A beautiful vegetable garden not suffering from drought – © jardins-familiaux.asso.fr
The presence of water and accompanying nutrients is vital to all living beings, whether humans, animals or plants. However, too much or too little of anything can be harmful. In this first article on water management, we will look at some simple solutions to better manage this precious resource in our garden.
The lack of water in the garden is a real problem which every gardener is confronted with at some point. Nonetheless, some precautions can be taken beforehand to limit the damages caused by drought:
1. COLLECT RAINWATER
Collect rainwater: A simple action that combines ecology and economy – © Mantis / V.Bouillot
During the summer or during periods of drought, it is not uncommon for communities to impose water restrictions.
A simple solution during these restricted times is to use rainwater that you have collected in big containers: bins, cans or barrels – virtually anything can become a water collector. (In some new housing estates, having a water collector is an obligation!) Stockpiling water is easy and extremely useful when water access is restricted. Be sure to take security precautions when collecting water when young children are present.
2. MANAGE WATERING TIMES
Try to water your garden in the morning or in the evening in order to avoid rapid evaporation. You can also invest in a drip watering system. Such systems even include an automatic scheduler in order to water consistently without having to think about it.
One of our customers sets a phone alarm in order to remember to water, as there are so many things to do and remember in any one day.
3. PLANT LOCAL SPECIES
Agaves are typical plants from the Mediterranean region where water is less abundant – © Mantis / V.Bouillot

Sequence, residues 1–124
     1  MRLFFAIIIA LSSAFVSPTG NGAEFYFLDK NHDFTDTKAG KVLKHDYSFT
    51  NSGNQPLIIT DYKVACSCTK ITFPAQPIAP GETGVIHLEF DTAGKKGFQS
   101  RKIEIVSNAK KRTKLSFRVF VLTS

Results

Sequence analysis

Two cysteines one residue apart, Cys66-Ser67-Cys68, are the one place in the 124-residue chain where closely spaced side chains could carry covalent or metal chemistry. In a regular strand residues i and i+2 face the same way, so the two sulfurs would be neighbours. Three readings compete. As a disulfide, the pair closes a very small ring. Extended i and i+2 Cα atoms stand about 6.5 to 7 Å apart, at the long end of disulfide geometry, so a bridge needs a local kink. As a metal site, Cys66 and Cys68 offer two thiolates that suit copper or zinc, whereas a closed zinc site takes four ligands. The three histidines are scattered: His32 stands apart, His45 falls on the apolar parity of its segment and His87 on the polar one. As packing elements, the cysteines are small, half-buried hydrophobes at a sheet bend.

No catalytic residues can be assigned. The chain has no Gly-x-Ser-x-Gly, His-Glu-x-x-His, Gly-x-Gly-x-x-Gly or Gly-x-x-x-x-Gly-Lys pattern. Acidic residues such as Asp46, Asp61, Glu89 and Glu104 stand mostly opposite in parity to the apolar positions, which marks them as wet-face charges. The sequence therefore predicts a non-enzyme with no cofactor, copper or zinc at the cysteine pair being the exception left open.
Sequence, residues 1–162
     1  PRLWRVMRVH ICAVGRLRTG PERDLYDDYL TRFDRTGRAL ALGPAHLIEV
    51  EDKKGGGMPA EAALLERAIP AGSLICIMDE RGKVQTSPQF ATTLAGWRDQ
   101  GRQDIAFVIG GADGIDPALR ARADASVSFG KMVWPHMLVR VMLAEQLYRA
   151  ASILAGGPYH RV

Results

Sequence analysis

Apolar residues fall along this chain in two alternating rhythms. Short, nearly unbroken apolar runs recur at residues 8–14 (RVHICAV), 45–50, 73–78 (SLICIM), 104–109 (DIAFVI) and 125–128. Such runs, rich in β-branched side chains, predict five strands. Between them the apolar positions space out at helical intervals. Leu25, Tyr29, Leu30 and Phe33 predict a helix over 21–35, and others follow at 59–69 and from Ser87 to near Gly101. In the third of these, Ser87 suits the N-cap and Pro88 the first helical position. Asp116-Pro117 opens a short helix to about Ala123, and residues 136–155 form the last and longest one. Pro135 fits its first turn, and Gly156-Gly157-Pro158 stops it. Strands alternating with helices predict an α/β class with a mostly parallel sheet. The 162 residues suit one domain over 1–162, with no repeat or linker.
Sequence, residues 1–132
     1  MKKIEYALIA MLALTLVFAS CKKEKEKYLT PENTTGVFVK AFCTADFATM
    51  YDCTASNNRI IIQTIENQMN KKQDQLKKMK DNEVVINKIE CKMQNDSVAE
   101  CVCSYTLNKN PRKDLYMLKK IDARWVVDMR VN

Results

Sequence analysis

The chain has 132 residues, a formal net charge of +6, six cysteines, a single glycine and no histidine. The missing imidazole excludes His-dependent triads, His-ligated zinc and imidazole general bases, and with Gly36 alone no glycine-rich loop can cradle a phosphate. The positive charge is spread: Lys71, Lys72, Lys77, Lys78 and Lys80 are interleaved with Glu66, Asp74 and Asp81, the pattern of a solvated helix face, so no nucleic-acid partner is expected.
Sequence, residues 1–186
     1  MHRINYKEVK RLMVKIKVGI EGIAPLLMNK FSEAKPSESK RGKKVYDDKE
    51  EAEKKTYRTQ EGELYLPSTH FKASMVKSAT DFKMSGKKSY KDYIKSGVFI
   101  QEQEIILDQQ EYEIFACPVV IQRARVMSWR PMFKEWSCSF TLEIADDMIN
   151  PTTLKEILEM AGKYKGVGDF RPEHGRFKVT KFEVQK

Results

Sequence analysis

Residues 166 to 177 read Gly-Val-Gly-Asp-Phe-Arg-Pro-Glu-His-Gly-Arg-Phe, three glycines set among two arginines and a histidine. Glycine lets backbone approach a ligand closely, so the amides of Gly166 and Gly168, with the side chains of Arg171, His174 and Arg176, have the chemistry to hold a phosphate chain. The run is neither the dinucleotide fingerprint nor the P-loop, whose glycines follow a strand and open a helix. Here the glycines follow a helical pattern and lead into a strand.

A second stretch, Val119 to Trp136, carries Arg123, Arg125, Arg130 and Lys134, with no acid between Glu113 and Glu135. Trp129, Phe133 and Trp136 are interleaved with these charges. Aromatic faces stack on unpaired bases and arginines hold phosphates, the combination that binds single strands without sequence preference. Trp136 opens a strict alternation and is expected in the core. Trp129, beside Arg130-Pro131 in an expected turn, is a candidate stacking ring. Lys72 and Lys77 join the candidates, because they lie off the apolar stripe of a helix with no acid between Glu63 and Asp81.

Local species are generally adaptive of a region’s climate. Agaves and other cacti blossom in the South of France and especially throughout the Mediterranean region.
In other regions, agaves are planted in pots and put indoors during winter to avoid severe frosts.
If you live in an area subject to frequent drought ( and it is said that we are facing global warming!), think about planting drought-tolerant species like this one which requires less watering!
Whenever it is possible, add a layer of mulch to your plantings. It will help reduce the growth of weeds which act as a draw of water supplies at the expense of your plants. Mulching helps maintain humidity while considerably reducing evaporation.
Our favourite mulch for the vegetable garden is a mix of grass cuttings and dry leaves, ideally well-grounded down. The addition of leaves lightens and helps aerate the grass cuttings which can reduce or even prevent the absorption of water if it becomes too compact. Grass cuttings will in turn slow down the decomposition of grounded leaves.
Vegetal mulches enrich your soil as they decay so add them liberally and continuously throughout the season. Grass clippings are generally available as you maintain your lawn. Ground leaves can be stockpiled during the autumn and added in gradually as needed.
Mulch is an excellent solution to both protect and recycle – © Mantis / V. Bouillot
5. DROUGHT IS HERE! WHAT CAN STILL BE DONE
It is never too late to do the right thing! If drought is upon you and stubbornly persists, 3 simple gestures can save your crops and plants:
- Water in the morning or in the evening.
- Move plants out of the sun and into shade by either moving potted plants or by placing shade tunnels over them. Shade tunnels can be created from light wooden crates that you simply turn over your young plants to protect them
- Do not forget that weeds drink from the same source as your plants.
Why not buying a pluviometer? Of course, it won’t bring rain but it will enable you to determine precisely how much water your garden is receiving. Summer showers often drop varying quantities of water from one place to another and it is interesting to monitor how much of it is helping in the garden. You can even build one yourself or with your children or grandchildren, it is very easy: